Later, over Skype, Rich explains to me that last year, she was inspired during a meditation session to start a sustainable water company that would provide a healthier alternative to drinking from taps or plastic bottles. Having spent more than a decade visiting the island, she decided to move to Ibiza this summer, and founded Sustainable Flow. The company sells products like water distillers, purifiers, and testing kits—but it goes one step further than other water companies in the area by combining science with New Age theories, and specifically, the idea that you can use sacred geometry and magnetic fields to purify water of toxic chemicals like limescale. Rich claims that the result, which she calls "conscious water," has health benefits, increases crop yields, and actually reduces the volume of water that home-owners and businesses consume overall. "Conscious water means thinking about the planet, and not wasting water to get pure water," Rich says.
Rich met Casita Verde and Greenheart International founder Chris Dews after selling him once such device for us on his farm, and together, they co-run a bi-weekly meeting that aims to bring together Ibiza's eco-minded companies under one umbrella. "The world now has the most amount of water charities that it's ever had, but we somehow still have the biggest water problem we have ever had, too," says Rich. "On a collective scale, something isn't working and a different approach needs to be taken." Rich says her plan is to create an organized collective of Ibiza water businesses, which will then approach the island's hotels and clubs with eco-friendly alternatives to what they're currently using for water.
"Because [the water problem] hasn't been looked at on a huge island scale, club owners can't be discriminated against for not doing anything," Rich explains. "We need to work together. Nobody here's to piss all over the bonfire. Everyone wants to make [the island] the best that it can be."
Despite Rich's sunny optimism, it's hard to see clubs taking profit-hurting measures like trading plastic bottles for more expensive, but less environmentally harmful, glass ones; drawing from desalination plants, so customers can drink clean tap water for free; or increasing the size of water bottles, so that fewer bottles are used overall. Per Space creative director Fisher, the reason why so many clubs keep selling overpriced bottles of water is because demand is so high. "You have to understand that a lot of people get into parties for free, everyone takes a lot of narcotics, and four people will share a drink," he explains. "[Water isn't something] we use as a money-maker, but I understand why [water] is expensive in clubs."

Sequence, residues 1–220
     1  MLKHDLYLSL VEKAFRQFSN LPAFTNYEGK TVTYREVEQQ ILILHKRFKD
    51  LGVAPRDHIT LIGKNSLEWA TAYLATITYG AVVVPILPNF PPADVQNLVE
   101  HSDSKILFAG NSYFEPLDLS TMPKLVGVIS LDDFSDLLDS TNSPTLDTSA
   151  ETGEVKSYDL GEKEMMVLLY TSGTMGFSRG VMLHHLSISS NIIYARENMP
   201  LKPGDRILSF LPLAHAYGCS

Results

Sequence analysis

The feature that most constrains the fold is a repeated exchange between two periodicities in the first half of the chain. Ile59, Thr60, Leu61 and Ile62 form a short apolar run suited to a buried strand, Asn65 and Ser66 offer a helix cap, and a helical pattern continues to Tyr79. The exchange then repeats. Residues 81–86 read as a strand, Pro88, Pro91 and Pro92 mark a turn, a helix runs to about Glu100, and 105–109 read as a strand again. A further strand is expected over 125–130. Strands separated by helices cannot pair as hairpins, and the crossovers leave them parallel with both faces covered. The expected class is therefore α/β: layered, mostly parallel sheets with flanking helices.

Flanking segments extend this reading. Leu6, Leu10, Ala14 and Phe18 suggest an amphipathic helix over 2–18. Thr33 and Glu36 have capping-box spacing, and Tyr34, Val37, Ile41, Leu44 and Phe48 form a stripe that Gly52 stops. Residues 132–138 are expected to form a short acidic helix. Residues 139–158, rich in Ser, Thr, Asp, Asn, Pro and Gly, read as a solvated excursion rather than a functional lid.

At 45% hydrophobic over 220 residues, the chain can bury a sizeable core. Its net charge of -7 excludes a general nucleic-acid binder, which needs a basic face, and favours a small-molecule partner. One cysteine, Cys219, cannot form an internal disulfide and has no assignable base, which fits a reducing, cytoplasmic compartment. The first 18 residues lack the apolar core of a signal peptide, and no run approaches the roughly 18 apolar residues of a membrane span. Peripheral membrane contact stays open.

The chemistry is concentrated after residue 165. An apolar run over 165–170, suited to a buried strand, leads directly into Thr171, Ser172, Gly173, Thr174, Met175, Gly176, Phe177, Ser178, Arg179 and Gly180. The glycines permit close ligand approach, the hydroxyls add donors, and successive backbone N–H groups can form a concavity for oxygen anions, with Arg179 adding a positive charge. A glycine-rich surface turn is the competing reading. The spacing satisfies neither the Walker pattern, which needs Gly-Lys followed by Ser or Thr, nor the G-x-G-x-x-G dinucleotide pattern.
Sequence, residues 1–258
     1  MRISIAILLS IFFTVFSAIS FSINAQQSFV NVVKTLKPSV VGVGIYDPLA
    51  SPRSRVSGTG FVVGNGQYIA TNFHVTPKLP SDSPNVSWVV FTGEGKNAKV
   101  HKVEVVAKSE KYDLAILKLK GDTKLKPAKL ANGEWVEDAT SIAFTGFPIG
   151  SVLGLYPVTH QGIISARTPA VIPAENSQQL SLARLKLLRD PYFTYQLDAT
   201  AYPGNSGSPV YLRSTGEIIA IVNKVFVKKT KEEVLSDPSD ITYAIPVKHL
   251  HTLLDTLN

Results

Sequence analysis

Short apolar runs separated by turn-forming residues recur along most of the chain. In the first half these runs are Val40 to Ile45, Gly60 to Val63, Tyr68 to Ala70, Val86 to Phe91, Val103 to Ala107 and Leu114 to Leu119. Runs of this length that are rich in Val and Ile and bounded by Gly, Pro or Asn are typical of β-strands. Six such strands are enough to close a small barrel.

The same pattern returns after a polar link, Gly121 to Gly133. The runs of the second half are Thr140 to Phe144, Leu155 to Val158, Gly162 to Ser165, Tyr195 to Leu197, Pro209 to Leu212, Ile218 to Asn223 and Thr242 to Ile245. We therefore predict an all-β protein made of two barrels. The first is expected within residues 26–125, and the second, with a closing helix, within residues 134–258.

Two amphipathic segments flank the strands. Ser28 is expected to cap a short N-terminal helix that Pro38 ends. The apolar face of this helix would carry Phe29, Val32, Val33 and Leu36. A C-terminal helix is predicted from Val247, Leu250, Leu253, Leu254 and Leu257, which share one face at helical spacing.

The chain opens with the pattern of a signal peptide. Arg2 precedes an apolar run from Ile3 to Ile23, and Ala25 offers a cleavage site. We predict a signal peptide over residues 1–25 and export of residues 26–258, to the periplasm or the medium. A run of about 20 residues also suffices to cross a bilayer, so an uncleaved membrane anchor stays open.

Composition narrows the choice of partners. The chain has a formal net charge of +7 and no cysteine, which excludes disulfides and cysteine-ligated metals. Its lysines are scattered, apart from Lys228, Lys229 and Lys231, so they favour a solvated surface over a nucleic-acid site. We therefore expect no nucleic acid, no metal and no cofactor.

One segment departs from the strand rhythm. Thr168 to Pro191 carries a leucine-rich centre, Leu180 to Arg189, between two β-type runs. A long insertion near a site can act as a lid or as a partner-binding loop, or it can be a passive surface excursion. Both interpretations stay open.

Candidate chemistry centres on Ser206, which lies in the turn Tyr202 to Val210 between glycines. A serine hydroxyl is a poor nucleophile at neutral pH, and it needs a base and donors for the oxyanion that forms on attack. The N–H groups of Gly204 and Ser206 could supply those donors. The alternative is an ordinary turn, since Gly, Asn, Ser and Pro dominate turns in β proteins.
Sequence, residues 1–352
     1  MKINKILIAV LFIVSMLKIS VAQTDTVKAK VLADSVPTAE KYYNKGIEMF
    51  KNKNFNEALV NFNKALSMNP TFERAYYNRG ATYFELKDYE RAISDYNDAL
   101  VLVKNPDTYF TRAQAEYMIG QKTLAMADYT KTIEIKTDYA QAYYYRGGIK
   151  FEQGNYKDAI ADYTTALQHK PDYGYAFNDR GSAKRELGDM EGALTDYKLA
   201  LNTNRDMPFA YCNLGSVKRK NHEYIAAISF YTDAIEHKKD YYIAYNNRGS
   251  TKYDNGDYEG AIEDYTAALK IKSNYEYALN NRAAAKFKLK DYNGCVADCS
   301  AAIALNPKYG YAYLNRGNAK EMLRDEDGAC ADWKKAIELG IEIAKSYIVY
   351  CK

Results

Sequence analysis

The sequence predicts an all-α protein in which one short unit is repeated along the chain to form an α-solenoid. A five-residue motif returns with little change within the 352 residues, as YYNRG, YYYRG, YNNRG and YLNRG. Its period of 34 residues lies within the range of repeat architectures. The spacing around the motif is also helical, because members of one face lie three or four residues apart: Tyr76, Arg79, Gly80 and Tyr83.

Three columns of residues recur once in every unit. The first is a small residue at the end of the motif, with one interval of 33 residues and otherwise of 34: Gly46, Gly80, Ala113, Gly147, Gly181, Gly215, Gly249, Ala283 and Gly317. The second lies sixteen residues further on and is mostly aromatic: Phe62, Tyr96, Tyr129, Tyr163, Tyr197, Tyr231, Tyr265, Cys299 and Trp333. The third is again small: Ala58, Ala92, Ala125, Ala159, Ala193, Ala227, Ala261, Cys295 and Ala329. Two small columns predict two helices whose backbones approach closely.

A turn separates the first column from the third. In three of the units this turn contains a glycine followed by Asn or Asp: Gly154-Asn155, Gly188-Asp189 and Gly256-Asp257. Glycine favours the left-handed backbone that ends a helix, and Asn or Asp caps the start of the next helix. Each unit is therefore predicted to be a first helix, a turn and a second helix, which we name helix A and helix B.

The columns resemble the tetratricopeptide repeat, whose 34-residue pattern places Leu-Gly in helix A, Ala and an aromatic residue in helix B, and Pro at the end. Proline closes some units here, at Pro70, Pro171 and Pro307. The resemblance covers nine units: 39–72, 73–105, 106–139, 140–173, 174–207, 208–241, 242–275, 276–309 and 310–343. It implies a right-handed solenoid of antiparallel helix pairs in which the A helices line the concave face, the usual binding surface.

The residents of Ibiza already have a strong track record of banding together under unifying causes—from successfully fending off prospective oil drilling in 2014 to forcing MTV to abandon its plans to film a season of Jersey Shore spinoff Ibiza Shore. The tricky thing about Ibiza's water crisis, though, is that there are too many conflicting interests involved. It's a catch-22: the island is sustained by clubbing, but clubbing is destroying the island. Clubs have the prerogative to keep attracting tourists in record numbers and profiting off their insatiable thirst for both water and hedonism.
When it comes to Space, Fisher says the club is doing its part to be eco-conscious by recycling all their plastic, cardboard, and glass. But these measures can only go so far because there are no recycling plants on Ibiza. Instead, recyclables are picked up from collection points and shipped to offshore plants in Saragossa and Mallorca, which means that even a recycled bottle of water still leaves a significant carbon footprint. Ultimately, the government needs to do more, Fisher says. "I think councils are more to blame in this—they warn about illegal taxis, taking drugs, and not wearing a T-shirt in public. Nothing about water."
At the end of the day, clubs can only do so much to tackle Ibiza's water crisis if sunburnt tourists lost in tech-house reveries don't want to listen, which Fisher says raises an important question: "If a club warned you about a water shortage, would you take note?"
Michelle Lhooq is still in recovery from her Ibiza party rampage. Follow her on Twitter.
For more information on the Global Goals go to collectively.org